Wildlife campaigners are in the High Court this week to challenge the lawfulness of Defra’s badger cull.
Supported by The Badger Trust, ecologist Tom Langton claimed the Government’s policy was flawed, adding it was making the spread of bovine TB worse.
It comes after Michael Gove’s department agreed an extension of the cull zones to nine new areas this year in a bid to tackle the disease in both wildlife and cattle.
Avon, Berkshire, Derbyshire, Hampshire, Oxfordshire, Shropshire, Staffordshire, Warwickshire and Wiltshire all applied for culling licenses this year, but a successful legal challenge could force the Defra to rethink its policy.
Mr Langton said: “This case is an important fight not just for the badger but also for the future of our countryside and the farming industry.
“The badger cull policy is failing farmers, tax payers and our precious wildlife and will make the bovine TB epidemic worse. All will continue to suffer unless we can focus the necessary expertise and resources on proven cattle based measures to reduce the spread of bovine TB in the national herd, which may again be heading for destruction”.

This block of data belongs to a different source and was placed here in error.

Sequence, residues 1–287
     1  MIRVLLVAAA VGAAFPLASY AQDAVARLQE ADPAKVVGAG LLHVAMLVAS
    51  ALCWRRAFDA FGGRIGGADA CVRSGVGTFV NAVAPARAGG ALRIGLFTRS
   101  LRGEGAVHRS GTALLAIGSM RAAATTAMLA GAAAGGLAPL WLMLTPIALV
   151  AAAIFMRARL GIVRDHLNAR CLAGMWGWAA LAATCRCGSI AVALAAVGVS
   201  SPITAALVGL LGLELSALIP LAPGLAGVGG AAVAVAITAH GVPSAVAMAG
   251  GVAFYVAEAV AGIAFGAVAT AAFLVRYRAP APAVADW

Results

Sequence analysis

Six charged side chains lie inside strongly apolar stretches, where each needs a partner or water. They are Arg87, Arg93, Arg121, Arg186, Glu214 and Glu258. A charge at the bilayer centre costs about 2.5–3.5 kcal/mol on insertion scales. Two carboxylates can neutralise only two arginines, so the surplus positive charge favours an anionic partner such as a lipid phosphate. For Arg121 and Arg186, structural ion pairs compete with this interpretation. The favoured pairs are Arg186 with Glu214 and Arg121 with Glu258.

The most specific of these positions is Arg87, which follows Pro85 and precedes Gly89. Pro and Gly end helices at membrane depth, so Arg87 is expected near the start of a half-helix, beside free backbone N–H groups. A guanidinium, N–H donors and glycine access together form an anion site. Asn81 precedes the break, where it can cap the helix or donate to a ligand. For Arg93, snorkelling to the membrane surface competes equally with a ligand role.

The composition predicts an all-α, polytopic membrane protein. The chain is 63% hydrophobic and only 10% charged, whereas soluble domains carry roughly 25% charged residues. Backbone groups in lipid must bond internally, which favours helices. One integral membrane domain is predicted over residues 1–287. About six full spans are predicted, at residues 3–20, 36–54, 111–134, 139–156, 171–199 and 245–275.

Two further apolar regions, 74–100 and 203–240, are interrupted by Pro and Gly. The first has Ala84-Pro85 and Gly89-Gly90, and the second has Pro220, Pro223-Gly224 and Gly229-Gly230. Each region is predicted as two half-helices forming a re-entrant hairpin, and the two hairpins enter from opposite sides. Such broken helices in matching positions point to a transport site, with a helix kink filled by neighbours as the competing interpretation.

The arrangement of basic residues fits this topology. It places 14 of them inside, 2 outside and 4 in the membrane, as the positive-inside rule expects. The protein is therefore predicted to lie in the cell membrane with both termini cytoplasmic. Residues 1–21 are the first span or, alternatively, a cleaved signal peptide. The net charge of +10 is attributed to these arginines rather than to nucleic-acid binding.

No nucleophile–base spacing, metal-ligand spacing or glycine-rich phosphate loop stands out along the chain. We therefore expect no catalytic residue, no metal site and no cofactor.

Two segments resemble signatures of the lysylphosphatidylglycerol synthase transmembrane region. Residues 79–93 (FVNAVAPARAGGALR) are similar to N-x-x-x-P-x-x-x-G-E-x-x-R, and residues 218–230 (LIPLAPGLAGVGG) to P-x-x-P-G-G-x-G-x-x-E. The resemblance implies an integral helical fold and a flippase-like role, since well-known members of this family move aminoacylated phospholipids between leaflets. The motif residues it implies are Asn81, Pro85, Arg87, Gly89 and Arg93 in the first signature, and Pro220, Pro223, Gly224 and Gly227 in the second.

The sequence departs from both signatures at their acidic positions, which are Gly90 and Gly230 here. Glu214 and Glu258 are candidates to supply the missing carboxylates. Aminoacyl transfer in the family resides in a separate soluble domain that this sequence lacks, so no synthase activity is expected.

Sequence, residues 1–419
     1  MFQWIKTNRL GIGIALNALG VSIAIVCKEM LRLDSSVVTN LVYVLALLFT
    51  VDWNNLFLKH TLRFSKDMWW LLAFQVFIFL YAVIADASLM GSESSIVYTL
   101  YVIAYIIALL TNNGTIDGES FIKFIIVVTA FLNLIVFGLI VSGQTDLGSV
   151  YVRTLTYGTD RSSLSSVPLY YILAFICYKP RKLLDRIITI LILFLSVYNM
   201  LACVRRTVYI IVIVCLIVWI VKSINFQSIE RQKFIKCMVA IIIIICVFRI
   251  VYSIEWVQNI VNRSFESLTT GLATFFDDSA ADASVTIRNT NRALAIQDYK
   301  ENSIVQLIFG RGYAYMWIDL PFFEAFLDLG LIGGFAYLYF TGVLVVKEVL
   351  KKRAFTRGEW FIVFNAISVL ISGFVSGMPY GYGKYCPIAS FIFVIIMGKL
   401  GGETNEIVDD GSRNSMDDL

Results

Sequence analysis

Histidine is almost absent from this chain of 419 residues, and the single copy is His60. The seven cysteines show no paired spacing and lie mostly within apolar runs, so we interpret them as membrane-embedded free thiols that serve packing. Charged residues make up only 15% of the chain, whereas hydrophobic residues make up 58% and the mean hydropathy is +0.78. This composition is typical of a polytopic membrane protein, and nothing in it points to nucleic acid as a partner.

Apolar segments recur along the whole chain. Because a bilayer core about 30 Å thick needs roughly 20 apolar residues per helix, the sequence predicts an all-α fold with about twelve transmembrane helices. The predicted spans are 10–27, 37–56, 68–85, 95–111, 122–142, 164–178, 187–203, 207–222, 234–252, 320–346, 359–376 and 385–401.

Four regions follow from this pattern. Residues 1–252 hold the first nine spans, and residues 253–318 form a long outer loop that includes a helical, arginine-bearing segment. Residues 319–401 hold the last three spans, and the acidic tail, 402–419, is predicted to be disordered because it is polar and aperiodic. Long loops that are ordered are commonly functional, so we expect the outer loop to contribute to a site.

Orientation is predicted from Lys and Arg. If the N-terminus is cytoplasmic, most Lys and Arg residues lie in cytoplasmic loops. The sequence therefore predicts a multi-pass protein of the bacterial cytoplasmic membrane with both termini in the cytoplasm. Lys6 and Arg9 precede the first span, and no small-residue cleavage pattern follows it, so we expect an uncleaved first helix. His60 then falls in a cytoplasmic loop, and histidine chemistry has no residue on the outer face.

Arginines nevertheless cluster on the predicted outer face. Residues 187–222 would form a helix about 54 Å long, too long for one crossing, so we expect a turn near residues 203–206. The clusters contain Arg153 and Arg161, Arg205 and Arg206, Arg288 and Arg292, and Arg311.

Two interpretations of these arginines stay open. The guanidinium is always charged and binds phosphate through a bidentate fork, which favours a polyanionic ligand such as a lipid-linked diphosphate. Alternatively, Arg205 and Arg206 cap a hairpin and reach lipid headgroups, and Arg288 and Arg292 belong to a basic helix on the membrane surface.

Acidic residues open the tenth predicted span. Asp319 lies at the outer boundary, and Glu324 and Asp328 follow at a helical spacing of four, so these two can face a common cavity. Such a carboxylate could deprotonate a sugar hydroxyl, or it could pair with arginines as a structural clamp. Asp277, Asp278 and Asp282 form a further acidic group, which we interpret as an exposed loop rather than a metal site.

The judicial review involves two legal challenges.
The first concerns failures by Natural England to carry out the mandatory Habitats Regulations Assessments correctly for the badger cull.
The second challenge relates to the decision by Defra to allow supplementary culling licences after four years of culling have been completed, which Mr Langton said wrongly interpreted the conclusion of the Randomised Badger Culling Trial.
Defra’s 25 Bovine TB Year Strategy consists of a broad range of interventions to fight the disease including tighter cattle movement controls and removal of infected cattle from herds, improved diagnostic tests, enhanced biosecurity measures, the culling of badgers in areas where disease is rife, vaccination of badgers and work to develop a viable vaccine for use in cattle.
Subscribers can access FG’s free bovine TB intelligence guide here.